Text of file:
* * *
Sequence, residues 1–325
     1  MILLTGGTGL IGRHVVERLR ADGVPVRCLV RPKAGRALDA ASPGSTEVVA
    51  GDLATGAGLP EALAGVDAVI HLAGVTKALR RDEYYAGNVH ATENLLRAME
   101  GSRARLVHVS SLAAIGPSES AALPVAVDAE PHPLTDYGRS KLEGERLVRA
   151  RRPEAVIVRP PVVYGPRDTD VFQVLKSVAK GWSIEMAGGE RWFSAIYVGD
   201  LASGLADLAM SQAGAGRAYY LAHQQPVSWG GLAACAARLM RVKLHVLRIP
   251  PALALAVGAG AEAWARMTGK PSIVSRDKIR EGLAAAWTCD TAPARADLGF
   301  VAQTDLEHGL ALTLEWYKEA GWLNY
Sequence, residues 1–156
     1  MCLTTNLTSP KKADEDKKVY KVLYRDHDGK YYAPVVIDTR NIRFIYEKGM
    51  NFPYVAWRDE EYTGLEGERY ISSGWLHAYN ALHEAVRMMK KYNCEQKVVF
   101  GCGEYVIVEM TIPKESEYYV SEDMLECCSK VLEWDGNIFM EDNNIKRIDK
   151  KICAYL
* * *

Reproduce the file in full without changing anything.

Sequence, residues 1–325
     1  MILLTGGTGL IGRHVVERLR ADGVPVRCLV RPKAGRALDA ASPGSTEVVA
    51  GDLATGAGLP EALAGVDAVI HLAGVTKALR RDEYYAGNVH ATENLLRAME
   101  GSRARLVHVS SLAAIGPSES AALPVAVDAE PHPLTDYGRS KLEGERLVRA
   151  RRPEAVIVRP PVVYGPRDTD VFQVLKSVAK GWSIEMAGGE RWFSAIYVGD
   201  LASGLADLAM SQAGAGRAYY LAHQQPVSWG GLAACAARLM RVKLHVLRIP
   251  PALALAVGAG AEAWARMTGK PSIVSRDKIR EGLAAAWTCD TAPARADLGF
   301  VAQTDLEHGL ALTLEWYKEA GWLNY
Sequence, residues 1–156
     1  MCLTTNLTSP KKADEDKKVY KVLYRDHDGK YYAPVVIDTR NIRFIYEKGM
    51  NFPYVAWRDE EYTGLEGERY ISSGWLHAYN ALHEAVRMMK KYNCEQKVVF
   101  GCGEYVIVEM TIPKESEYYV SEDMLECCSK VLEWDGNIFM EDNNIKRIDK
   151  KICAYL